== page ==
AT&T’s aggressively priced DirecTV Now internet-television package is set to debut Nov. 28, but out of the gate CBS — consistently among the most-watched TV networks in the U.S. — will not be included, sources confirmed.
The telco has been furiously working to seal programming deals ahead of the launch of DirecTV Now, which AT&T says will start at $35 per month for a lineup of 100-plus channels. Bloomberg reported earlier that CBS will not be in DirecTV Now initially. Reps for AT&T and CBS declined to comment.
CBS and AT&T are continuing to negotiate on a deal to carry the Eye’s programming as part of DirecTV Now at some later date, according to sources. CBS last month inked a deal with Google for a “skinny bundle” of TV networks to be called YouTube Unplugged, expected to launch early next year.
CBS also offers its own OTT package, CBS All Access, which costs $6 per month with ads and $10 per month with limited promo and ads in live TV programming. CBS does have a deal with Sony’s PlayStation Vue for certain markets, but is not part of Dish Network’s Sling TV bundle and has not reached a deal yet with Hulu, which is assembling a live broadband-delivered TV service slated to debut in early 2017.
AT&T on Monday officially announced an expanded carriage agreement with Fox Networks Group, under which the telco picked up streaming rights for DirecTV Now to Fox News Channel, Fox Business Network, FX, FXX, and other networks, as well as a “framework” for Fox Broadcasting programming to be delivered to DirecTV Now customers nationwide. AT&T previously announced deals for DirecTV Now with Disney/ESPN, NBCUniversal, HBO, Turner, AMC Networks, Viacom, Scripps, Starz, A+E Networks and Univision Communications.
The specific packages that will be available with DirecTV Now have yet to be announced, but with a $35 price point for at least 100 channels, AT&T will be offering the service at a negative margin, according to analysts.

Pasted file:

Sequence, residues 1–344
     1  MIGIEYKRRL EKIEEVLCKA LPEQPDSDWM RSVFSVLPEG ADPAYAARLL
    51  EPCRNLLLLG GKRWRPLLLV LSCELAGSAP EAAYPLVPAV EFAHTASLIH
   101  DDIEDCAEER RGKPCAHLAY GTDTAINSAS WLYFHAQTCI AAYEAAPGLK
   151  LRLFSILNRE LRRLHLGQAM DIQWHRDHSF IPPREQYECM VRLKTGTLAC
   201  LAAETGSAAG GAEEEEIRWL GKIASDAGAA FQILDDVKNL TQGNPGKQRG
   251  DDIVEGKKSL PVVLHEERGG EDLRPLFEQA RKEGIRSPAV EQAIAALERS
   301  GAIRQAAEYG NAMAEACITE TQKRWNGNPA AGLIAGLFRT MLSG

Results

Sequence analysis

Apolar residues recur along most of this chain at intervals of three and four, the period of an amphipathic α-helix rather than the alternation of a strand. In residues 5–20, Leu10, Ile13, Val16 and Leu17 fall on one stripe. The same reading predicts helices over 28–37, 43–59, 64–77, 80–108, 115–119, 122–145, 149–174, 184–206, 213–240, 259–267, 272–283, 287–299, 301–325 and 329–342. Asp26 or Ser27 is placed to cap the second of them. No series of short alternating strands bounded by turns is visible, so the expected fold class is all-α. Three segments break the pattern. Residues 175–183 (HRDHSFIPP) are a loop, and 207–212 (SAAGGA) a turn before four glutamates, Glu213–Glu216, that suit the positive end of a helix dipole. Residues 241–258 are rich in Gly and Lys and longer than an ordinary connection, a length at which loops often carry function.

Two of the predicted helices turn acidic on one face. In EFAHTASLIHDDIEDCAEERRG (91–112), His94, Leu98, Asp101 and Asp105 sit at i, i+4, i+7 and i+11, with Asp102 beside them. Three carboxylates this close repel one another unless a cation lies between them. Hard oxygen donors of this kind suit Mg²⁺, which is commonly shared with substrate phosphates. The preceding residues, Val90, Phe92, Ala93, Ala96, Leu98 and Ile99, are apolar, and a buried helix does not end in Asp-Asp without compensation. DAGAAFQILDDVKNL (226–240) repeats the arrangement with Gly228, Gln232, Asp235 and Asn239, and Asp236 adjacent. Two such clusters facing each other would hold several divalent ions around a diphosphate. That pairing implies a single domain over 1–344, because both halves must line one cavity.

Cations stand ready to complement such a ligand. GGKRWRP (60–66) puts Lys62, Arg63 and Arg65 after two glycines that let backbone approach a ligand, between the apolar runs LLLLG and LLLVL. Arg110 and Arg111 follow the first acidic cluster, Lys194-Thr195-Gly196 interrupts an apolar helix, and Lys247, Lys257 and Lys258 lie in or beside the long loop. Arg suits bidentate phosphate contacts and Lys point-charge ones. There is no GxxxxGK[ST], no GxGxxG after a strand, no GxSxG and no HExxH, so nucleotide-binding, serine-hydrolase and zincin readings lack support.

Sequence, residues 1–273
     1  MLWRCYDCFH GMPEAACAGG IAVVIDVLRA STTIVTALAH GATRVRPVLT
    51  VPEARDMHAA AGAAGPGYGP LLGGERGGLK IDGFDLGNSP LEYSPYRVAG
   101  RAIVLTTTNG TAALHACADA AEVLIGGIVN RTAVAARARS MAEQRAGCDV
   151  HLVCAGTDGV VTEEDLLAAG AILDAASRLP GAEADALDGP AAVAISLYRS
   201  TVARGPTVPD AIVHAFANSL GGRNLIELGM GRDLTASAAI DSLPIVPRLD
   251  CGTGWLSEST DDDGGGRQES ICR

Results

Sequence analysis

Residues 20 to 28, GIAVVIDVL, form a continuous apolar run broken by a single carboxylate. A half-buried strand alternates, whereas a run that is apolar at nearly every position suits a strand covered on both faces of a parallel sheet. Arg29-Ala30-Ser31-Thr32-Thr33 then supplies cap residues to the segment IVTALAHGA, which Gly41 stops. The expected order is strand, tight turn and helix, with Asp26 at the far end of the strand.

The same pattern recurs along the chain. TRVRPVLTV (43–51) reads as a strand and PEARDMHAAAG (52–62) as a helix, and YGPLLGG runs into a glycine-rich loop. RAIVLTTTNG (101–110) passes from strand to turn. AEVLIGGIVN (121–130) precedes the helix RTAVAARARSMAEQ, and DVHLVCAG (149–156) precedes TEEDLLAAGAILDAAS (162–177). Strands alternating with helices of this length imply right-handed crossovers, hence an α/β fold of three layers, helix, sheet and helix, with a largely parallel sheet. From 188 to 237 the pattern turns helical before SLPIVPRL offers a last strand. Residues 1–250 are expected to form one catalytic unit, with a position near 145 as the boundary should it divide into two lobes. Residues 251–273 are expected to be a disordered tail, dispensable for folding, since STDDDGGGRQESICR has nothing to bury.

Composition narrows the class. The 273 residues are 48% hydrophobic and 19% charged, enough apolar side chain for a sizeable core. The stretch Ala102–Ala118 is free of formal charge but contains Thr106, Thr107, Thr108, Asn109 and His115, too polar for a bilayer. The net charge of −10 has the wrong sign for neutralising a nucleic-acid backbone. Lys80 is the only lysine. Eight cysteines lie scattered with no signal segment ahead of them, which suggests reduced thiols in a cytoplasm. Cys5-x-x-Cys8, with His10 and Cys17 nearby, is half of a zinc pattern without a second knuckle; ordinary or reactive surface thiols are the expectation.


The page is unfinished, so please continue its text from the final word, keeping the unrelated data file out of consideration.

DirecTV Now will provide streaming access to live TV and VOD across an array of mobile and connected-TV devices, and AT&T is expected to offer sign-up incentives to customers including a free Apple TV device for those who pay for three months of service. DirecTV Now will be limited to a single stream per account, which means it won’t be a suitable replacement for traditional cable or satellite pay-TV for households with multiple TV sets.
Separately, AT&T on Monday officially responded to an FCC inquiry about the telco’s sponsored-data wireless program and its “Data Free TV” program that exempts DirecTV’s video apps from counting toward AT&T wireless usage limits. The head of the agency’s Wireless Telecommunications Bureau had expressed “serious concerns” that the practices would put content providers unaffiliated with AT&T at a disadvantage. In response, Robert Quinn, AT&T’s senior VP of external and legislative affairs, argued that the telco’s sponsored-data program offers consumer benefits and claimed the company offers the same terms and conditions to third parties that it does for DirecTV.